One of the myths propagated by haters of FLOSS is that GNU/Linux and other FLOSS are not targets of malware writers because there are not enough units to bother or rather that M$ offers a larger target.
There is no doubt that the existence of a target affects a shooter’s probability of shooting at it but Kaspersky is way off the mark:
- Kaspersky claims MacOS is now on the radar of malware writers because it has reached 5% market share (units, not $), and
- Kaspersky claims GNU/Linux is less than 2% share (units) so is not on the radar.
That’s utter nonsense:
- GNU/Linux is on hundreds of millions of servers (virtual/real) and is a huge target for malware-writers. The malware artists have no trouble finding GNU/Linux targets but the bullets are not penetrating.
- GNU/Linux exceeded MacOS unit share of shipments back in 2003 and has not slowed down. “According to IDC, Linux desktop shipments outstripped Macintosh shipments in 2002. By 2006, Linux will likely have a larger installed base than the Macintosh OS.” see DESKTOP LINUX TECHNOLOGY & MARKET OVERVIEW (2003)
- In 2003, IDC reported unit sales of licences: MacOS 2.9% and GNU/Linux 2.8%. That was before the huge roll-outs at Extremadura, Spain, Munich, French national Police etc. which were in excess of “sales” of licences which IDC counts and before Brazil, Russia, India and China endorsed GNU/Linux. Is MacOS really that big of a target?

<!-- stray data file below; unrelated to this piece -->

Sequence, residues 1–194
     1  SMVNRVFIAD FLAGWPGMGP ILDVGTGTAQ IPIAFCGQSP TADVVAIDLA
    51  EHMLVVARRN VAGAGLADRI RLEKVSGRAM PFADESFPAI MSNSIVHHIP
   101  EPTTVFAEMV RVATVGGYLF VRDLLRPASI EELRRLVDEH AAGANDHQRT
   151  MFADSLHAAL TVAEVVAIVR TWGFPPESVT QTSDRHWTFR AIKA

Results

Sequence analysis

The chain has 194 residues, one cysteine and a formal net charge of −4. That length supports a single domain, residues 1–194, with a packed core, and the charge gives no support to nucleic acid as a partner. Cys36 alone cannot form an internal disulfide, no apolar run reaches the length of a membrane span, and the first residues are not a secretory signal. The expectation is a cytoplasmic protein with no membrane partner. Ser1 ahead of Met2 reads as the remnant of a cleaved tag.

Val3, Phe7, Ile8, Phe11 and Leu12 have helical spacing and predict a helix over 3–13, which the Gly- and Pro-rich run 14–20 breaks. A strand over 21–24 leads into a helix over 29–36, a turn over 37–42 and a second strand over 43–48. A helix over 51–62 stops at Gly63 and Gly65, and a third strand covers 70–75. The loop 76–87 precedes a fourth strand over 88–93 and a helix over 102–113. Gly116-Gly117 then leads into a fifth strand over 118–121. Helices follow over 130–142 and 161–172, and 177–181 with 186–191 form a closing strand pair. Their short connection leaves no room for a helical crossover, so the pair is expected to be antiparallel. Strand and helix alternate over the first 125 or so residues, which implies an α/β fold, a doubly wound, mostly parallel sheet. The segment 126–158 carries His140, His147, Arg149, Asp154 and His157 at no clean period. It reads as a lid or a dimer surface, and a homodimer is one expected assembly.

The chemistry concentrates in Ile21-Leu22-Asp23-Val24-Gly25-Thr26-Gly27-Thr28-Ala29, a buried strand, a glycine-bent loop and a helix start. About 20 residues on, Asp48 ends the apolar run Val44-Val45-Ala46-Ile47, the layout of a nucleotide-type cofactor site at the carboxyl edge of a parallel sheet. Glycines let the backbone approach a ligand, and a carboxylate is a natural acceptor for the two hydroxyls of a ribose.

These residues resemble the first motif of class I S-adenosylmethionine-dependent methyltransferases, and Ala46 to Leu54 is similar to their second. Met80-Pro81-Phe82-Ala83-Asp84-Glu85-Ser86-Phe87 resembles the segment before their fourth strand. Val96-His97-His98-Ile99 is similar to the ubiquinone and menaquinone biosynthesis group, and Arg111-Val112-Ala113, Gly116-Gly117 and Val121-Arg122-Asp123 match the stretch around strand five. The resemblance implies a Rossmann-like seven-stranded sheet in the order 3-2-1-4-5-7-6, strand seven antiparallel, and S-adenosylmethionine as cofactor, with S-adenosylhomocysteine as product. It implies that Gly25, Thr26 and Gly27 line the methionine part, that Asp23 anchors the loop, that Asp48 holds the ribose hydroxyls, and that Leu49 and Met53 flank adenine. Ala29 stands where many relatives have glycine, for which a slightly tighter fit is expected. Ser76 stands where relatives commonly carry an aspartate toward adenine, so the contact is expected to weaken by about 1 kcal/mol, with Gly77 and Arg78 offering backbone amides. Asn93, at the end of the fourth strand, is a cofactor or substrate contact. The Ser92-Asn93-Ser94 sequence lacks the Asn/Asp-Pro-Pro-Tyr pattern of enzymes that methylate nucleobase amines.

The current vulnerability in MacOS is actually about Apple’s Java virtual machine, not the UNIX architecture underneath. The UNIX system of security does work and it is better than that other OS regardless of the numbers of units installed. That’s why UNIX still lives on many servers in large enterprises. They don’t care about price. Security is paramount. The argument about size of target is almost irrelevant when thousands of times more malware are out there for that other OS. Anything else is more secure. GNU/Linux is more secure than that other OS. It’s about the law of combination of probability. The probability of a compromise is the product of the probability of encountering a malware and the probability of being susceptible. We have less of each factor with GNU/Linux or MacOS than that other OS.